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LEGO Star Wars: The Skywalker Saga Review


LEGO Star Wars: The Original Trilogy, launched in 2005 by TT Games, was an instant hit and entirely redirected the studio’s focus. Since then, there have been several brickified movie tie-ins, but a family-friendly platformer hasn’t been on PlayStation in a while. Finally, LEGO Star Wars: The Skywalker Saga is arrived to fill the void, and the wait has been well worth it.

In a way, it’s like a celebration of both the Disney sci-fi series and the colorful Danish construction blocks. The Last Jedi and The Rise of Skywalker make their LEGO game debut in this massive offering, which covers all nine main films in the franchise. Even though there have been many editions of this franchise, the huge scale, attention to detail, and sweeping gameplay improvements make it all feel new again.

As soon as you select the first episode of your favourite series, you begin to grasp the scope of the game. In addition to the thousands of trinkets scattered around the galaxy and the many billions of studs you’ll compulsively suck up, there are hundreds of playable characters and ships to discover. After going through the initial stages of a Star Wars adventure, the world opens up and reveals the many items and collectibles that may be found.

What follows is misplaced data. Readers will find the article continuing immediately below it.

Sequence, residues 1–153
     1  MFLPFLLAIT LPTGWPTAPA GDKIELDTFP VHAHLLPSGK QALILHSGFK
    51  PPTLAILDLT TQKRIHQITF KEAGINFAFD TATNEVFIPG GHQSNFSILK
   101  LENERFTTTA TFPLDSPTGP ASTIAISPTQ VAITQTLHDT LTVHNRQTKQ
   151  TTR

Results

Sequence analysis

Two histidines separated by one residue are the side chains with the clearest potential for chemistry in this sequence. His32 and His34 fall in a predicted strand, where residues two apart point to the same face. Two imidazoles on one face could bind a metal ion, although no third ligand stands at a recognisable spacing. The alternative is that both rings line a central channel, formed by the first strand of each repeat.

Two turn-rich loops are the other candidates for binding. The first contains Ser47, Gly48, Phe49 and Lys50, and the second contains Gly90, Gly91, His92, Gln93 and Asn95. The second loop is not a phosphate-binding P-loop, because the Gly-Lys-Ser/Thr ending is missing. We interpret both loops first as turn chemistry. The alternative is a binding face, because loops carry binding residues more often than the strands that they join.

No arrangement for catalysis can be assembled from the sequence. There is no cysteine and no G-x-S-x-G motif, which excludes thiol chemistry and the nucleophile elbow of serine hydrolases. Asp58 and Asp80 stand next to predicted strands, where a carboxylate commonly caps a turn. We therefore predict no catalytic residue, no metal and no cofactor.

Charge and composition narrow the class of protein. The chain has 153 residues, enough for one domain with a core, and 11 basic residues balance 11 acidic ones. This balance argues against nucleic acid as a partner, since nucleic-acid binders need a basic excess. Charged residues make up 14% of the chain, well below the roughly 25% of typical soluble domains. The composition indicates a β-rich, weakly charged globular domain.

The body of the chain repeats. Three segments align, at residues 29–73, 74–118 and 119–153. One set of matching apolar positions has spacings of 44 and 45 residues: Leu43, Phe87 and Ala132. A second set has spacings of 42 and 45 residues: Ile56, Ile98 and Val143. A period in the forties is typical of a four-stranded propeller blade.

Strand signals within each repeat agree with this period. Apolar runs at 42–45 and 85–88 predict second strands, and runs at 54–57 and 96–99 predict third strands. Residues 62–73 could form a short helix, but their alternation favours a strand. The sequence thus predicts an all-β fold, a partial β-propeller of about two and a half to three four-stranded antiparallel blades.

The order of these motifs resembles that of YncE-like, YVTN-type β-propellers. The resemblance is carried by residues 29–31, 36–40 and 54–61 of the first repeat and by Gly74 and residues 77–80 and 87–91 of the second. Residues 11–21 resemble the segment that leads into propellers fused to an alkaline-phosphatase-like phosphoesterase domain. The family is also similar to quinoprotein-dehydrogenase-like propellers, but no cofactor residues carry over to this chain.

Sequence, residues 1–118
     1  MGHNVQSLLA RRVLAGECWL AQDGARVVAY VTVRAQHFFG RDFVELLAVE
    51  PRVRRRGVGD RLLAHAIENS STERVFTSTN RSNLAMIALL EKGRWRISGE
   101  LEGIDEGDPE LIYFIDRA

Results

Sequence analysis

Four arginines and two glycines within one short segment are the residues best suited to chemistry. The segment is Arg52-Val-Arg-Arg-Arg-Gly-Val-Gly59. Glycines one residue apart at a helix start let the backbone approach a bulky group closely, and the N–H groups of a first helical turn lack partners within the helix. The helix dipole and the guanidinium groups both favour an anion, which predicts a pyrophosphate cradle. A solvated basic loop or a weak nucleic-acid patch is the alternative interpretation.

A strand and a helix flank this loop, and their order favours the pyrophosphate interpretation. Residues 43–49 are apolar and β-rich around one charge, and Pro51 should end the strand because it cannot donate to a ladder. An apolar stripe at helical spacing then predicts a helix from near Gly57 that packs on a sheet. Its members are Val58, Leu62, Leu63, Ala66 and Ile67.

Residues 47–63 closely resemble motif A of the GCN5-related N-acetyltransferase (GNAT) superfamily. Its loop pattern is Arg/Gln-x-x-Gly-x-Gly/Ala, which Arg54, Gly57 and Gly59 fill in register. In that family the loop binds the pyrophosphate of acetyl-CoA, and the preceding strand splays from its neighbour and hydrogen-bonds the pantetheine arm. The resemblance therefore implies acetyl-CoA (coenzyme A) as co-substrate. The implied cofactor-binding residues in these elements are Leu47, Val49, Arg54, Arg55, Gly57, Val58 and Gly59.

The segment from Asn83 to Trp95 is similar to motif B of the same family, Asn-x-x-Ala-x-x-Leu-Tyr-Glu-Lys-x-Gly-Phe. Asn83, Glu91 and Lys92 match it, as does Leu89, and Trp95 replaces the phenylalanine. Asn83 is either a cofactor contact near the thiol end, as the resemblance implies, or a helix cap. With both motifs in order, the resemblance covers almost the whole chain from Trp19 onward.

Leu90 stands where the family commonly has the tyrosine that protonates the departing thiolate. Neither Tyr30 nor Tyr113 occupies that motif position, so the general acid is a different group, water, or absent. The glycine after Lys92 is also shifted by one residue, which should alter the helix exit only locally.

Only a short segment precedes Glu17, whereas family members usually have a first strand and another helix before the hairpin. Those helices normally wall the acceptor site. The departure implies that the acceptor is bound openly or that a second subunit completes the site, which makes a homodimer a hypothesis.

One of the film plots has you controlling certain characters and leading you through levels connected by big open regions that are linear in their design. For example, you’ll begin A New Hope with C-3PO and R2-D2 escaping to Tatooine in a basic stage. Shortly after that, the plot is put on hold and you are free to roam the sandy planet at your leisure.

In an effort to make the entire game as fluid as possible, the designers used a blend of linear and free-roaming design elements. You won’t be rushed through the movie’s major plot points; instead, you’ll have time to explore well-known locations. There are sandboxes on every planet, and each one is loaded with collectibles, which can be found in the natural environment, hidden behind a riddle, or given as a reward for completing a straightforward quest. As a general rule, you are free to do whatever you want while you aren’t directly involved in the story.

Outside of the episodes themselves, this independence is illustrated. Freely roaming the galaxy, you can select any of your unlocked characters and any of your ships and visit any previously-visited planets. A galaxy map brings together everything you’ve seen, making the game a type of open world experience. Even after you’ve completed all nine films and visited every location, there’s still so much to discover in free play.

Fortunately, the Skywalker Saga is full of personality and detail, making it a thrill to uncover. You won’t be able to keep track of the number of knowing winks and nods. There are plenty of clever visual jokes and excellent voice acting in each abbreviated movie, making it a joy to play for fans of the franchise. Even more impressive is the visual quality of the images, which are typically sharp and convincingly plastic-like on figures and other LEGO constructions. While there were a few instances where the framerate dropped below 60 fps, the game as a whole performed admirably, especially while playing in split-screen co-op.